“I want to educate the community and let them know that there’s Natives at Johnson because our Indian Ed is pretty small. It’s to let them know we’re here,” said Delgado.
Minority business presidents to help at-risk students
Saturday, March 12 2011
 
Written by Circle News Staff,
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 Numerous mentoring programs around the country regularly match businesses with kids. The varied programs are critically important and often show positive results. But few, if any, of these initiatives involve the head of the company in a year-long effort to broaden the horizons of at-risk students through the world of business.
In an ambitious effort to prepare vulnerable children for rewarding careers in the future, Risen Christ School (RCS), a 325-student, K-8 grade school located in the Powderhorn Park area of Minneapolis, has created an innovative program, Imagine the Possibilities.
More than 90 percent of RCS's students come from families who are living either at or below the poverty line.  Many of these students will become first-generation high school graduates. Because these students have limited contact with the world of business, the school believes they would benefit from personal interactions with business leaders.

minority business story dave bice mugImagine the Possibilities program will pair the top executives from over a dozen companies with up to six students in grades 6-8. The business leaders/mentors would design a project related to their field to be presented over the course of the school year to their group of six students.
Michael McHugh, president of Midwest Construction Group and Dave Bice, president of Bald Eagle Erectors are teaming up to create a program to introduce the students to a variety of careers in construction beyond manual labor.
"We are going to build our program around a construction project that the students can follow from beginning to end so they can understand each phase," said McHugh, who attended RCS, formerly Holy Name School.

Native health care advocate smooths patient/hospital communication
Saturday, March 12 2011
 
Written by Jessica Mador,
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native healthcare advocate storyMinnesota Public Radio News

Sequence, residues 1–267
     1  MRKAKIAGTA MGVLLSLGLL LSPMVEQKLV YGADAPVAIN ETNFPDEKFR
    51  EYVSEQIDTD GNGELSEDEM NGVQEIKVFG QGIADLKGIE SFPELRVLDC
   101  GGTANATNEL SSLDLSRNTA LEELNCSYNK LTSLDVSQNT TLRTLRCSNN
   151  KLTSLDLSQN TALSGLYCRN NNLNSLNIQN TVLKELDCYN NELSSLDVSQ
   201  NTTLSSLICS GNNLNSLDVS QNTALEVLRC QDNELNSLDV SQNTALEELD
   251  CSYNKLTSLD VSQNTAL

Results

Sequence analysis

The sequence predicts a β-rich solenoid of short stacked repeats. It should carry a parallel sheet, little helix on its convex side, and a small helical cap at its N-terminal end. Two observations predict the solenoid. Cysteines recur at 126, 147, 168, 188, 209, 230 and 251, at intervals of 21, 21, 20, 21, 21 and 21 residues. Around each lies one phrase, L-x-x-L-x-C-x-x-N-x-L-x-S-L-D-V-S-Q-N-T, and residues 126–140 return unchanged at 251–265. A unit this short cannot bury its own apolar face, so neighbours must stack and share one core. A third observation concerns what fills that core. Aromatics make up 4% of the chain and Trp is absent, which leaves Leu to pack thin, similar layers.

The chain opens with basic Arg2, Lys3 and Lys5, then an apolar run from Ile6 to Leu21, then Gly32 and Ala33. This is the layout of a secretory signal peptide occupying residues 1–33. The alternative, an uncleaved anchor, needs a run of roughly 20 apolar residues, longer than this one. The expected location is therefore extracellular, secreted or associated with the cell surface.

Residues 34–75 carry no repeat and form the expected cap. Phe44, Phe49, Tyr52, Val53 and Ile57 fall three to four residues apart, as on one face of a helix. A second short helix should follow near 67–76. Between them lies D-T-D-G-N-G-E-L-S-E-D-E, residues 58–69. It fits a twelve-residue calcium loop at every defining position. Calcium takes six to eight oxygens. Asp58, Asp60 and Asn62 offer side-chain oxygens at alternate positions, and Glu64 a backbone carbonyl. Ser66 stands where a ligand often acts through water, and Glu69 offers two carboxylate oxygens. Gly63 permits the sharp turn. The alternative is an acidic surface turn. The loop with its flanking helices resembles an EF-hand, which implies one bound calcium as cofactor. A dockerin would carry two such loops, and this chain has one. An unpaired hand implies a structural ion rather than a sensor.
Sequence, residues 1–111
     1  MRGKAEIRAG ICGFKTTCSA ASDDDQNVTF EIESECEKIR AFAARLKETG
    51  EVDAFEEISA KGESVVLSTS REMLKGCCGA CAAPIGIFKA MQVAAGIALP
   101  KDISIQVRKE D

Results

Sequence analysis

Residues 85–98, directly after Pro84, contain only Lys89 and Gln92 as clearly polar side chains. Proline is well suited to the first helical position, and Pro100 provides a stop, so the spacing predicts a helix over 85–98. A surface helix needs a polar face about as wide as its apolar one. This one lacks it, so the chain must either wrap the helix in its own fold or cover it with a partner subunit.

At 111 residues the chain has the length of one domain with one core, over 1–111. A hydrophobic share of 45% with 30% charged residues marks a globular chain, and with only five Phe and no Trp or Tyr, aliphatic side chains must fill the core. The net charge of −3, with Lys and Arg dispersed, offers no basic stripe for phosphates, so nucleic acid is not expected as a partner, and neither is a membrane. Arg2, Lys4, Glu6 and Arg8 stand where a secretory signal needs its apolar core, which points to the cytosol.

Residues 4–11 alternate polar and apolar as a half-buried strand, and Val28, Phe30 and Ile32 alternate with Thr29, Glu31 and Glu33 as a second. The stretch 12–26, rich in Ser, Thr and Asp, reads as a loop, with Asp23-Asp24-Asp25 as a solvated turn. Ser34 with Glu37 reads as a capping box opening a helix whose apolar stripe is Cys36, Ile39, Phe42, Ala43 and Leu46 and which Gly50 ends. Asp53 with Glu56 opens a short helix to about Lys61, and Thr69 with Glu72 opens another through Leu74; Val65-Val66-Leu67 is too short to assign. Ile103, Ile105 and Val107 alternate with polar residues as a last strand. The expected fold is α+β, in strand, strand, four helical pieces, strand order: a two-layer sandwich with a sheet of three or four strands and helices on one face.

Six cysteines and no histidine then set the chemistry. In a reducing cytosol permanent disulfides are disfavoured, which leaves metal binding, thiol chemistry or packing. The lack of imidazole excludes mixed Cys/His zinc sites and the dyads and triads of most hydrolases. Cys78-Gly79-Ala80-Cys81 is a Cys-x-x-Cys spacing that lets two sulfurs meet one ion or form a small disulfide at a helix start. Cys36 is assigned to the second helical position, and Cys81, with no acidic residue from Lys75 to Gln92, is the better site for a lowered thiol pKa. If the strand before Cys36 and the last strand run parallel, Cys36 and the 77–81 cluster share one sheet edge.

http://minnesota.publicradio.org

 American Indians are six times more likely to die from tuberculosis and twice as likely as other Americans to die from diabetes. Doctors and others familiar with the disparities between American Indians and the rest of the population say using specially designated advocates can improve care for Indian patients while they're in the hospital. It also can improve health outcomes once patients return home.
That's what Aida Strom does every day. It's her job to make sure American Indian patients at Hennepin County Medical Center have everything they need.
Strom visits patients to ask how they're feeling and relays their concerns to social workers and medical staff. She resolves complaints, arranges for spiritual leaders and clarifies medical information for families.
"My role is, for lack of a better term, like an interpreter's role," she said. "There are some real strong cultural identity issues that Indian people come with in the hospital."

N.D House says UND must keep Fighting Sioux name
Saturday, March 12 2011
 
Written by Circle News Staff,
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Setting up a potential clash with the NCAA, the North Dakota House approved a bill that requires the University of North Dakota to keep its Fighting Sioux athletics nickname. The university has been preparing to drop the nickname and its American Indian head logo this summer as part of a negotiated lawsuit settlement with the NCAA, which considers both to be hostile and abusive to American Indians.
House members voted 65-28 to approve legislation that requires UND to keep the nickname and logo, and directs Attorney General Wayne Stenehjem to consider an antitrust lawsuit against the NCAA if any penalties result.